Reviews


Film Review: Fish Tank

Penetrating portrait of a complicated teenager in a sour world, with a standout performance by newcomer Katie Jarvis.

-By Ray Bennett


filmjournal/photos/stylus/120948-Fish_Tank_Md.jpg

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Following her Festival de Cannes Jury Prize-winning debut feature Red Road in 2006, British director Andrea Arnold creates another vivid portrait of a woman in the Cannes 2009 entry Fish Tank, in which newcomer Katie Jarvis gives a star-making performance as a disaffected teenager. Co-starring Michael Fassbender ( Hunger) and Kierston Wareing (It's a Free World), it's a vivid depiction of a single mom (Wareing) and her two daughters living in a grim council flat on a decaying housing estate on the outskirts of London.

The film will attract audiences drawn by Arnold's gift for unblinking observation and some wonderfully naturalistic acting, particularly by Jarvis, who is onscreen throughout. She plays Mia, a foul-mouthed, aggressively violent and desperately yearning 15-year-old with a slovenly mother, a noisy kid sister (Rebecca Griffiths) and dreams of becoming a dancer.

Arnold presents the claustrophobic urban wasteland where they live as a breeding ground for anger and despair. The arrival of mother's new boyfriend, Connor (Fassbender), brings some hope due to his charming confidence and caring manner.

Mother cleans up the house and Connor takes the kids on outings and encourages Mia in her dancing. The director subtly foreshadows the events that follow and while they come as little surprise, they play out in credible fashion.

Only one episode of revenge late in the second half stretches plausibility, but it does not detract from the film's impressive power. With her Red Road crew of cinematographer Robbie Ryan, making skillful use of handheld cameras, production designer Helen Scott and editor Nicolas Chaudeurge all contributing sterling work, Arnold creates searing scenes that stick in the mind.

Besides the dancing element, she weaves in a thread involving Mia's compassion for an aging horse and captures the tiny moments of affection that provide the glue that just about keeps deprived families sane.

Fassbender and Wareing give honest and open performances as the conflicted adults and young Griffiths, another first-timer, is memorably sharp as the kid sister. The film belongs to Jarvis, however, and she makes the most of it with expressive features that convey Mia's mixed-up emotions from raging temper to sweet vulnerability. She will go far.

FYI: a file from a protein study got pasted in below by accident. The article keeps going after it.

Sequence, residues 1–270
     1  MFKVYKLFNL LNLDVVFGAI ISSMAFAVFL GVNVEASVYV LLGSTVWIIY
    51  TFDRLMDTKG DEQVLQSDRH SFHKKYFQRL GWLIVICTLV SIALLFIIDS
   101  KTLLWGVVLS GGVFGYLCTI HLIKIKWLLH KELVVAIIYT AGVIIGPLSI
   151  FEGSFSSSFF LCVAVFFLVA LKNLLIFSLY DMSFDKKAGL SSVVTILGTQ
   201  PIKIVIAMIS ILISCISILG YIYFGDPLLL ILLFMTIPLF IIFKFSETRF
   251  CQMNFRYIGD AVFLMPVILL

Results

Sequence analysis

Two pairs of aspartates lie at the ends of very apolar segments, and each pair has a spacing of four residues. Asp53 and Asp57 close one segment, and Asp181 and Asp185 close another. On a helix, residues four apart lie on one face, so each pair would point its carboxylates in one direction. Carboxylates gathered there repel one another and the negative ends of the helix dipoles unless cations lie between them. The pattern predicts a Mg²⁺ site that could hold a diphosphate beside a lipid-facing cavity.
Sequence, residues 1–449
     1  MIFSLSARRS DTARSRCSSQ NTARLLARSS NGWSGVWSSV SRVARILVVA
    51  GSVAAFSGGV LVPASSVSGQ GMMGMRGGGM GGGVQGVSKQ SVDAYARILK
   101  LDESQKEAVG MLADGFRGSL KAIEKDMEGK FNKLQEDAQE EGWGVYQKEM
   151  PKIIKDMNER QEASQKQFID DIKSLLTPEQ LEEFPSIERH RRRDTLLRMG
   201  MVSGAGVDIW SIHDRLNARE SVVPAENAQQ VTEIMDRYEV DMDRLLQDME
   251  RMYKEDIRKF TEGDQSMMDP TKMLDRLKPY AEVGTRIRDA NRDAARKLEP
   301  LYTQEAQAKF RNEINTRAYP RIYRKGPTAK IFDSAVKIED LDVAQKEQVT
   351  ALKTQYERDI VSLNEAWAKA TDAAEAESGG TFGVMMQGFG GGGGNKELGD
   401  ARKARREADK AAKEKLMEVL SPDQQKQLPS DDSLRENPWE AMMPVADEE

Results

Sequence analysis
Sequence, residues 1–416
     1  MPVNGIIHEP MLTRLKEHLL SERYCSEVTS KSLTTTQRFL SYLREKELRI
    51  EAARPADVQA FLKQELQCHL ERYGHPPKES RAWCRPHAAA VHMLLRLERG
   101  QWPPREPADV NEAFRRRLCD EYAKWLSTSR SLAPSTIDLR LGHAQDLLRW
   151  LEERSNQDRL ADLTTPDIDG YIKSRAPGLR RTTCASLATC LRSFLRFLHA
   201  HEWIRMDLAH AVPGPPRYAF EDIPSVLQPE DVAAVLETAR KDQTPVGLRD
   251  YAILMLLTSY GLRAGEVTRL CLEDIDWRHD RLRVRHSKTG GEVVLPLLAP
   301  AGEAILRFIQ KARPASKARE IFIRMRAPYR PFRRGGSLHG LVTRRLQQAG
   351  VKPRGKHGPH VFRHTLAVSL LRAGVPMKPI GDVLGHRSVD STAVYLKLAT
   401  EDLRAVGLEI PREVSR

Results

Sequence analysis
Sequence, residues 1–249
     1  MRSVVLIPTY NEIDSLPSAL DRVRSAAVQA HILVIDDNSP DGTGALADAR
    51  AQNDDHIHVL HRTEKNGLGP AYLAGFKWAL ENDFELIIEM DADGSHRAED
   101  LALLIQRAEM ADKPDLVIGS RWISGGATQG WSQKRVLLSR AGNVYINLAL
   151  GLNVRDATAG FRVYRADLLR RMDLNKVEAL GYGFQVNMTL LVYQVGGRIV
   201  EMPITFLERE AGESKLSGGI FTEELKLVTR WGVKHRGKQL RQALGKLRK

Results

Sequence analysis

-The Hollywood Reporter


Film Review: Fish Tank

Penetrating portrait of a complicated teenager in a sour world, with a standout performance by newcomer Katie Jarvis.

Jan 12, 2010

-By Ray Bennett


filmjournal/photos/stylus/120948-Fish_Tank_Md.jpg

Following her Festival de Cannes Jury Prize-winning debut feature Red Road in 2006, British director Andrea Arnold creates another vivid portrait of a woman in the Cannes 2009 entry Fish Tank, in which newcomer Katie Jarvis gives a star-making performance as a disaffected teenager. Co-starring Michael Fassbender (Hunger) and Kierston Wareing (It's a Free World), it's a vivid depiction of a single mom (Wareing) and her two daughters living in a grim council flat on a decaying housing estate on the outskirts of London.

The film will attract audiences drawn by Arnold's gift for unblinking observation and some wonderfully naturalistic acting, particularly by Jarvis, who is onscreen throughout. She plays Mia, a foul-mouthed, aggressively violent and desperately yearning 15-year-old with a slovenly mother, a noisy kid sister (Rebecca Griffiths) and dreams of becoming a dancer.

Arnold presents the claustrophobic urban wasteland where they live as a breeding ground for anger and despair. The arrival of mother's new boyfriend, Connor (Fassbender), brings some hope due to his charming confidence and caring manner.

Mother cleans up the house and Connor takes the kids on outings and encourages Mia in her dancing. The director subtly foreshadows the events that follow and while they come as little surprise, they play out in credible fashion.

Only one episode of revenge late in the second half stretches plausibility, but it does not detract from the film's impressive power. With her Red Road crew of cinematographer Robbie Ryan, making skillful use of handheld cameras, production designer Helen Scott and editor Nicolas Chaudeurge all contributing sterling work, Arnold creates searing scenes that stick in the mind.

Besides the dancing element, she weaves in a thread involving Mia's compassion for an aging horse and captures the tiny moments of affection that provide the glue that just about keeps deprived families sane.

Fassbender and Wareing give honest and open performances as the conflicted adults and young Griffiths, another first-timer, is memorably sharp as the kid sister. The film belongs to Jarvis, however, and she makes the most of it with expressive features that convey Mia's mixed-up emotions from raging temper to sweet vulnerability. She will go far.
-The Hollywood Reporter

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